Scythe is only one of many examples of this type of behavior in the retail/publisher chain. When a product is plentiful the price online plummets, in many cases because retailers ordered too many and crippled their cash flow. When product is scarce the prices skyrocket, which can send a message to publishers that retailers NEED MOAR COPIES, but then too many copies are printed, the demand is gone, and publishers are stuck with the cash flow issue. We've seen this behavior recently with Gloomhaven as well. On release day people wanted above retail for it. Now I can buy it for well below retail in several places, because retailers saw 'hot thing' and ordered more than their cash flow and customer base would allow them to sell. I watched one retailer advertise Gloomhaven for twenty bucks over retail, and then a week later for retail, and then a week later for twenty bucks under retail... /poignets
Test Case Three Iconic Masters
I don't know how much I can say here. If I go look at eBay today I see the following. Modern Masters 2017 - $245ish Modern Masters 2015 - $230ish Modern Masters 2013 - $300ish Eternal Masters - $200ish Iconic Masters - $140ish I can't see what Hasbro printed of the most recent set. All I can tell you is that spoilers were available literal months in advance of the set release, and were available as we went through an entire other release cycle before Iconic Masters was finally released. Numerous retailers saw "Masters" printed on a box and visions of dollar signs danced in their heads. They failed to read that ephemeral thing I called 'customer buzz' previously, and overbought this product to the death of their bank accounts. When you add in the "MTG Finance" schmucks you ended up with a product that barely worth wholesale.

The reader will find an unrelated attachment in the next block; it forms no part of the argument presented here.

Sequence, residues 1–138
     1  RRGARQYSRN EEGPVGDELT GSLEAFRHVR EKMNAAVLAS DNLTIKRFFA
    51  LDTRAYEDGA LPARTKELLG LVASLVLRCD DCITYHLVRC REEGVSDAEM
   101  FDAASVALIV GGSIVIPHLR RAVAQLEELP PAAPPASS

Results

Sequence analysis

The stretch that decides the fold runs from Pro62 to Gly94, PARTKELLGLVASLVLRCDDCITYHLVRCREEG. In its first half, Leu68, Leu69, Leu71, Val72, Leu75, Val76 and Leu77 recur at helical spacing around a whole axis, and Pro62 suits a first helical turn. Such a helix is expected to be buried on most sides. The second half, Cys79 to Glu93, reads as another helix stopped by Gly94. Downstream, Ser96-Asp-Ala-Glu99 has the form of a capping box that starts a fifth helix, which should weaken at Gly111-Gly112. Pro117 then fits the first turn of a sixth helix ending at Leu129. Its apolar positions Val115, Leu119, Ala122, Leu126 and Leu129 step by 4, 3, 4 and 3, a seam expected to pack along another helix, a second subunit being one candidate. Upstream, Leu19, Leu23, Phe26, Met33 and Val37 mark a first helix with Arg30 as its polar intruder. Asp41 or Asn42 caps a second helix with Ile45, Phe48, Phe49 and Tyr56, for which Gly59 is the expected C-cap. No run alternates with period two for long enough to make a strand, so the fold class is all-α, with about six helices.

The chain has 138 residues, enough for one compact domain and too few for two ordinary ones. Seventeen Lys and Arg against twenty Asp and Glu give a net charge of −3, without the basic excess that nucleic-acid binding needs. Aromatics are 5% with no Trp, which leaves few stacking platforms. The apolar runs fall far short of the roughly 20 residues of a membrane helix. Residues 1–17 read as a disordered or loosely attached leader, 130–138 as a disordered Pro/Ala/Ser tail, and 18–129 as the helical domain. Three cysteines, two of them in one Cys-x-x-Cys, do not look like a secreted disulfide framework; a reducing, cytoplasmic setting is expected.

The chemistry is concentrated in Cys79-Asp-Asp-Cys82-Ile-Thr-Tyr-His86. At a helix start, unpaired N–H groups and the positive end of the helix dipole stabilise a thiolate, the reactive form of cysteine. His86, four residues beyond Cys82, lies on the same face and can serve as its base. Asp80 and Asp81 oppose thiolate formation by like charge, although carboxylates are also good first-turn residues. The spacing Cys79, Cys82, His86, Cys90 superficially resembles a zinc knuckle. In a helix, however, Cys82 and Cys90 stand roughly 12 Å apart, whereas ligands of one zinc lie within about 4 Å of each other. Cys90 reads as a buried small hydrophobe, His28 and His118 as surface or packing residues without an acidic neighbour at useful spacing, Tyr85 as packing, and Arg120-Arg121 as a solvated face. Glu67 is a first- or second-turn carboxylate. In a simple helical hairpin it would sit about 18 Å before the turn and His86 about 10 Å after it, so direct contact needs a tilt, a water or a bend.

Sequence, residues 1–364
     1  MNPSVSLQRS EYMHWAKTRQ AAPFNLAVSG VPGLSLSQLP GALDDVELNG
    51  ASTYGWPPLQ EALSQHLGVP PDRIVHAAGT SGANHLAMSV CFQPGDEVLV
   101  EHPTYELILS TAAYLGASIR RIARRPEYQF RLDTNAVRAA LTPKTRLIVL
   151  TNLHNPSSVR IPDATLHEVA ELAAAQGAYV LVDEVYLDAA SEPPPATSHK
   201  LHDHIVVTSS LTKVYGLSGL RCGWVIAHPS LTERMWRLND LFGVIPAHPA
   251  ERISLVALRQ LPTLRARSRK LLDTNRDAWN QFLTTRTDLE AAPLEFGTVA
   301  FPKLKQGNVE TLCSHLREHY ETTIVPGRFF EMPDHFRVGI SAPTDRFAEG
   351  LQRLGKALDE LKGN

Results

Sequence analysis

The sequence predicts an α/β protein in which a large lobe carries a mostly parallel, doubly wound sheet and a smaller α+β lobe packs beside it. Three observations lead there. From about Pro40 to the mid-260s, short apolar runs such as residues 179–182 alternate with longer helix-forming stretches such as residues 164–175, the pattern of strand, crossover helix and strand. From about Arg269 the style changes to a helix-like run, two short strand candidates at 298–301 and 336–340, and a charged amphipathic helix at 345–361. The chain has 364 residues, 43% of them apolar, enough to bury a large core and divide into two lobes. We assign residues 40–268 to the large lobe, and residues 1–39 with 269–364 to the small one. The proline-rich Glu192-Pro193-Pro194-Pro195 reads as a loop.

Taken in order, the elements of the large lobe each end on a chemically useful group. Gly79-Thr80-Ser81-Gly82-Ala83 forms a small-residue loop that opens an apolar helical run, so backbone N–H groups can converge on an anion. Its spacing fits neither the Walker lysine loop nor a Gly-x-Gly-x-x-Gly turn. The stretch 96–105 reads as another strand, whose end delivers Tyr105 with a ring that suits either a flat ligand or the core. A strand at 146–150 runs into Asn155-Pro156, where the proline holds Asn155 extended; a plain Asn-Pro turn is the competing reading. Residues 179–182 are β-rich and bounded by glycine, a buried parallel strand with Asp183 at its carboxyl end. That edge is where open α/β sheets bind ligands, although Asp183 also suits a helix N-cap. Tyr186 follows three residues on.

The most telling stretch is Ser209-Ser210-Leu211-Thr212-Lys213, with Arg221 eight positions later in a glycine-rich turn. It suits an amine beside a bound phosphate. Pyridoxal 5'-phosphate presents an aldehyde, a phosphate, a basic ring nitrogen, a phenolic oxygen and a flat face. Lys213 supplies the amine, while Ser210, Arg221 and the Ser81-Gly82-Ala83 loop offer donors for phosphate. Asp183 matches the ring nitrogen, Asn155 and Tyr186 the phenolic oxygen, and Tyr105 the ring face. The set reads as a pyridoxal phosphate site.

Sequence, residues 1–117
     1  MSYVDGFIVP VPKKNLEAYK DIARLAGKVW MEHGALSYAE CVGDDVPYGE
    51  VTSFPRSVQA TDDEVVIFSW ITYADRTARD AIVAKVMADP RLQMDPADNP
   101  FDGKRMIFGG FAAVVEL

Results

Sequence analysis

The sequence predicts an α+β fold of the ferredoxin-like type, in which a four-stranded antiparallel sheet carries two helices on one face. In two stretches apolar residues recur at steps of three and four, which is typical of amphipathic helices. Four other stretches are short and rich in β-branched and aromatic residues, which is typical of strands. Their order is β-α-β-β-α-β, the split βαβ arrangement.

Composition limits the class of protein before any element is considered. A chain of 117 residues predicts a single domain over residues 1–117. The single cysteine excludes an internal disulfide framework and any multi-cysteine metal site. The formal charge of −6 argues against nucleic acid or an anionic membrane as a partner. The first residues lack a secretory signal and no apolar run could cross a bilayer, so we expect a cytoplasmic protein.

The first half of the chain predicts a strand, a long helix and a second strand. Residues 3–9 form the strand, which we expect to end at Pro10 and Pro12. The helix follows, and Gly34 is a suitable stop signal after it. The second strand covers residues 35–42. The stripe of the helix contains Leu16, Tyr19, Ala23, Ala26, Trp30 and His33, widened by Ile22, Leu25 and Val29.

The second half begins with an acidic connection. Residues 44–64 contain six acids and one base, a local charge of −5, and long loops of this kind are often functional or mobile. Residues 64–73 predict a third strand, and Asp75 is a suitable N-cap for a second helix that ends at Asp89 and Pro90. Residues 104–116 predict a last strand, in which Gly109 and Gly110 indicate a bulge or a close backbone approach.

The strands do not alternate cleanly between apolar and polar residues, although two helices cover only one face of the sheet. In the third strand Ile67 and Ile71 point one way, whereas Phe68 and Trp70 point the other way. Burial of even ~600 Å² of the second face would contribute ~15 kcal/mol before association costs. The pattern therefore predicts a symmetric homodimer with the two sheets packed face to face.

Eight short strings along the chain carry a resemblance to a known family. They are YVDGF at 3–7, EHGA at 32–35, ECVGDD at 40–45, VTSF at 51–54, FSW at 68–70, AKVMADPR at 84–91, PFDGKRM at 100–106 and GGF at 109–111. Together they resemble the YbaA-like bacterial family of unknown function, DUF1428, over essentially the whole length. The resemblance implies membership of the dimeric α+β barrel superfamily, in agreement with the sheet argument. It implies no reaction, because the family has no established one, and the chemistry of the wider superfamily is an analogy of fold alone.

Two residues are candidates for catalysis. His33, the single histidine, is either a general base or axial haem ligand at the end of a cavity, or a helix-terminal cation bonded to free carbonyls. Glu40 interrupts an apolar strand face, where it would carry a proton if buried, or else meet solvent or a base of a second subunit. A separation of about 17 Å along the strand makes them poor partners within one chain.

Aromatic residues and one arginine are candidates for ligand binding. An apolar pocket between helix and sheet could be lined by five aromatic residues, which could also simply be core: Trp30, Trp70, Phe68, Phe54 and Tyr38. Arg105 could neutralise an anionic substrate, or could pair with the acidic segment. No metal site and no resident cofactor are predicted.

I don't know that it's possible to read the tea leaves well enough to understand that this product was going to be a dud, and I won't pretend I did, I ordered too much of this product by about 20%, and just recently finally sold our final boosters packs of it. Between lackluster responses to spoilers and the completely asinine things said by those "finance bros" all over the internet Iconic Masters was handled poorly in every way, shape, and form, by every tier of this industry. Hasbro released too much information early and then sat on the product for months, allowing hype to die. Distribution took too much of it, and when their bills came due they started selling it cheaper than usual to clear out inventory. I can still buy this product from every distributor I use, as well as from Hasbro direct. This is yet another case where cash flow was crippled for many stores, because it was the first time that it wasn't easy to sell your entire allotment of a "limited" product. There's a useful lesson here, everything Hasbro makes for Magic is no longer a home run. You could argue that it was the early spoilers followed by a later release (I believe this contributed), you could argue that the overly aggressive release schedule of 2017 is to blame (this also contributed), and you could blame one more thing. I'm going to take a moment to blame one more thing, just for the record. $9.99 MSRP This number is miserable. We should probably stop pretending that it's more expensive to print these Masters sets, and we should just admit that this price point, and the higher wholesale price that comes with it, is a shameless cash grab by Hasbro. At the same time, I think we should accept our portion of the blame for that cash grab. Due to scarcity with the original Modern Masters retailers immediately got $10 or $12 a pack, which showed Hasbro they could get $10 a pack. We really are our own worst enemies sometimes. I even know of a non-collectible case where the retail price was raised because retailers had decided the product was worth more than retail, and the publisher raised MSRP to get their half of that price increase. I was proud of them. Ordering for our stores is more complicated than ever, just by the sheer number of products coming out in each category. This year will see the release of Song of Ice & Fire, Fallout, and Star Wars Legion, three major licenses entering a crowded and difficult miniatures space, where the cost of entry frequently frightens new players out of that space. The CCG market will not only see more Magic product than it rightfully needs, but new entrants like the Munchkin CCG from Steve Jackson games. Fiiguring out what's the right answer for your store, both in the "do I carry this or not" and with "how much of this new product can I buy and sell" can be the difference between long-term success and short-term fire sales to pay the bills. The board game market will see something like 2,000 new entrants this year, and that number might be low. This category might be the most difficult to place orders in. Frequently we aren't given enough time to plan preorders, the huge number of products makes it hard for us to figure out the right and wrong orders, and length of time it takes for a print run to reach the States means that publisher numbers are set in stone way before we really know how many we want, so products go from 'we have plenty' to 'damn, allocated', frequently. So, yeah, I joked that ordering is easy, but I think most things are easy if you're willing to do the work. Ordering is how we live and die though, not organized play, despite what some companies may tell you. If you're willing to put the time in with this project your business will get better, your profit margins will get better, and your cash flow will get better. It is better to miss out on 20% of sales but make full margin on all the sales you make, than it is to order 20% too much, cripple your cash flow, and be forced to make 10% margins to pay the bills. Proper ordering is about working on your business rather than in your business, and we know the value of working on our businesses. Spend time learning your clientele, understanding what you can sell, how each purchase affects your cash flow, and you can have success doing this for a long time.